I know that many chiropractors do limit their practice to short-term musculoskeletal treatment and evidence-based health promotion, and I want to give them an opportunity to set themselves apart from the rest of the herd. Chirobase.org provides an excellent guide to some of the issues surrounding chiropractic care, and where there is and isn’t evidence to support it.   They also provide these guidelines for what patients should ensure their chiropractor practices:

My practice is limited to the care of musculoskeletal problems. I may also counsel patients about lifestyle improvements and give practical science-based tips about the management of common ailments. My approach to back pain parallels the AHCPR Clinical Practice Guidelines that lie within the scope of chiropractic. For medical problems outside my scope, I refer patients to appropriate physicians.

I publicly endorse immunization, fluoridation, and other standard public health measures. I reject biotheistic notions that “subluxations” and/or “nerve interference” are the cause or underlying cause of disease. I do not make claims about curing earaches or any other diseases. I do not (a) use free screening examinations as a patient-recruiting tactic, (b) try get patients to sign contracts for lengthy treatment, (c) promote regular “preventive” adjustments,(d) use scare tactics, or (e) disparage scientific medical treatment. I do not routinely perform or order x-ray examinations because most patients do not need them. I do not utilize 14″ x 36″ full-spine x-ray examinations.

I do not offer or advocate the use of Biological Terrain Assessment, computerized “nutrient deficiency” testing, contact reflex analysiscontour analysis (also called moire contourography), cytotoxic testingother improper allergy testingblind spot mappingelectro interstitial scanning,electrodermal screening, Functional Intracellular Analysis (FIA), hair analysisherbal crystallization analysisiridologyleg-length testing (to check for “subluxations”), live blood cell analysis (also called nutritional blood analysis or Hemaview), testing with a Nervo-ScopeNutrabalanceNUTRI-SPEC, pendulum divination, provoked testing for toxic metalsreflexology, saliva testing, spinal ultrasound testing to “measure progress,” surface electromyography (SEMG)thermography, testing with a Toftness device, weighing on a twin-scale device (Spinal Analysis Machine), or any other diagnostic procedure that is unsubstantiated and lacks a scientifically plausible rationale.

I do not utilize or promote acupuncture to “balance meridians” or treat disease. I do not use or advocate the use of Activator Methodsapplied kinesiologyauriculotherapyBio Energetic Synchronization Technique (B.E.S.T.)chelation therapyChiropractic Biophysics® (CBP®), colonic irrigationcranial or craniosacral therapy, laser acupuncture, magnetic or biomagnetic therapy, Neuro Emotional Technique (NET)Neural Organization Technique (NOT)NeuroCranial Restructuring (NCR), NeuroModulation technique (NMT), or any other treatment modality that is unsubstantiated and lacks a scientifically plausible rationale. I do not advertise or offer expensive courses of treatment with spinal decompression machines. I do not “prescribe” homeopathic products. I do not sell or promote the use of unproven dietary supplements or herbal products for the treatment of disease.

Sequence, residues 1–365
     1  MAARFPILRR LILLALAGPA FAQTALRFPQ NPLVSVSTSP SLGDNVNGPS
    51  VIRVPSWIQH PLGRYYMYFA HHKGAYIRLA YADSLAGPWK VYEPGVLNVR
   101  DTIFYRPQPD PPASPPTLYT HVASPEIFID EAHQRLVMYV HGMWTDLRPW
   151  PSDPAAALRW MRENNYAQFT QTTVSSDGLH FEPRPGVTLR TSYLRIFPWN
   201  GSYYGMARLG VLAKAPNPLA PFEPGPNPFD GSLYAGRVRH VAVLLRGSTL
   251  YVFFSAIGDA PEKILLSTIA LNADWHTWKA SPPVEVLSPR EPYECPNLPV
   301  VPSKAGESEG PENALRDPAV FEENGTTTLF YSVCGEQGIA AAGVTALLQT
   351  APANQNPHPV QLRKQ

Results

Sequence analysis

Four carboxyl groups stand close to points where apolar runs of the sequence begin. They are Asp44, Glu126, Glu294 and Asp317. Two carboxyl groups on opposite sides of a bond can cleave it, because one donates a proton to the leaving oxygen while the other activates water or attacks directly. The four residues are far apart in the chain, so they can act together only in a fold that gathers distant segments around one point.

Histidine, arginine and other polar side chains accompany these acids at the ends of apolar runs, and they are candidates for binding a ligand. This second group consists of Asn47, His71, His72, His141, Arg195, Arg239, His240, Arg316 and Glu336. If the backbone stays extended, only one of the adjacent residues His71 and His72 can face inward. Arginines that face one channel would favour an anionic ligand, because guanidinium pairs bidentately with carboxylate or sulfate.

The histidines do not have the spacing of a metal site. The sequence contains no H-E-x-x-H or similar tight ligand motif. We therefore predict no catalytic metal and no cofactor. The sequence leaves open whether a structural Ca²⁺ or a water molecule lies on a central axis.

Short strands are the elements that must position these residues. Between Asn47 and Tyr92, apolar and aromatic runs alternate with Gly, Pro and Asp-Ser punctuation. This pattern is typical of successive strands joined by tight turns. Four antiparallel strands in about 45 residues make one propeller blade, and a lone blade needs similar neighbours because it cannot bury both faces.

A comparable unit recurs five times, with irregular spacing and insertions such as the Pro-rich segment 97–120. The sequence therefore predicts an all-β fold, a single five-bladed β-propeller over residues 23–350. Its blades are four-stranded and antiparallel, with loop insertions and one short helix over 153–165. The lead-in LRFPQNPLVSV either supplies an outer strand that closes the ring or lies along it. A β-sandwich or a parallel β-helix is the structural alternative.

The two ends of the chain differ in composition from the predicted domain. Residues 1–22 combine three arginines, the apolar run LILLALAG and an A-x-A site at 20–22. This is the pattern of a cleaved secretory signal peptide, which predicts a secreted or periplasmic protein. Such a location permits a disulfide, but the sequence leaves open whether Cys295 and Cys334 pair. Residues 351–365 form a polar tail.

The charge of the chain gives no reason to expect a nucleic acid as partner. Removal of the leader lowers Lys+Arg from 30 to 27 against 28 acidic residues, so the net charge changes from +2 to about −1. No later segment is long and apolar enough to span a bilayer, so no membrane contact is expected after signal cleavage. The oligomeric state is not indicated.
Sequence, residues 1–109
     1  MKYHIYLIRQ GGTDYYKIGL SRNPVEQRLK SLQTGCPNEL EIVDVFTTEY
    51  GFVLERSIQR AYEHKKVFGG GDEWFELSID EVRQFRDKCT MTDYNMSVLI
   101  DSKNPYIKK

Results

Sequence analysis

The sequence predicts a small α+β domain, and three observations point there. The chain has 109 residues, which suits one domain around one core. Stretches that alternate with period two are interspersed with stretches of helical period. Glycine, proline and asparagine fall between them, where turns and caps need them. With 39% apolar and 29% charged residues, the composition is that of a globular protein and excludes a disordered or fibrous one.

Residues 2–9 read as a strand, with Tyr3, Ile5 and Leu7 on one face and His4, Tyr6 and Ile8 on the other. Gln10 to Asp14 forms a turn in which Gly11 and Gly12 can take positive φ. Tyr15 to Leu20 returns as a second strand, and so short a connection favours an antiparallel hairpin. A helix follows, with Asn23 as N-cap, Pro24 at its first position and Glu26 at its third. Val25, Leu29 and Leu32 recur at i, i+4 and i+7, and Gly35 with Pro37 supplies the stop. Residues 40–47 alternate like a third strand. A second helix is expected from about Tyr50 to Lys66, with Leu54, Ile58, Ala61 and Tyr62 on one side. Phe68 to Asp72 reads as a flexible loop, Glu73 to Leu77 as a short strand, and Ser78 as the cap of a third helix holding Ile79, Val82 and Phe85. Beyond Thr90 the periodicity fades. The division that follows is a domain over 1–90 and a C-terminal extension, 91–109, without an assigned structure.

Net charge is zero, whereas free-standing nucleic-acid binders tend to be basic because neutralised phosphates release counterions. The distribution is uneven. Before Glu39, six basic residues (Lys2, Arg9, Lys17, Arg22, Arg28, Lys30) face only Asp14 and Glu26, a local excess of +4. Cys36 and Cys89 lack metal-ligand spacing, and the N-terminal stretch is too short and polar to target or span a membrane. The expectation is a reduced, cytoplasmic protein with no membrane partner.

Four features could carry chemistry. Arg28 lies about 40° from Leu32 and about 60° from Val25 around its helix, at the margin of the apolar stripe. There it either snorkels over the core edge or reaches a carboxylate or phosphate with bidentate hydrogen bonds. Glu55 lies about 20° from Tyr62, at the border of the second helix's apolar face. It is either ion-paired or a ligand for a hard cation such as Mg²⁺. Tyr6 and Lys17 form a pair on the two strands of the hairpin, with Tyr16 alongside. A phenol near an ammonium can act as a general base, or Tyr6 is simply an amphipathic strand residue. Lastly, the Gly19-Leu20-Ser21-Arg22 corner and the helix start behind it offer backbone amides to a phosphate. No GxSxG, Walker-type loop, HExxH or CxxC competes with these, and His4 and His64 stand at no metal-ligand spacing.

I invite any chiropractors to check out this page, and add their name to that directory if they agree with the above guidelines.

Currently, I refer to physiotherapists because I know what my patients are getting with them. Health care decisions should be based on evidence, not anecdotes of benefit.

I’ll close with this passage from Harriet Hall from Science-Based Medicine:

What if chiropractic had policed its own ranks, limited itself to providing only short-term treatment for certain types of musculoskeletal pain, worked hard to determine which manipulation techniques were most effective, abandoned techniques that it found ineffective, and denounced vaccine rejection, applied kinesiology, and other forms of quackery? Manipulation might have been more widely accepted as a therapeutic tool if it had not been so tainted by the company it kept. Chiropractors could have become “physical therapists for the back,” experts in manipulation that MDs could refer patients to with confidence.  Chiropractic might have been integrated into the medical mainstream just like osteopathy and optometry, but it didn’t even try.

Political priorities…health care isn’t one of them right now.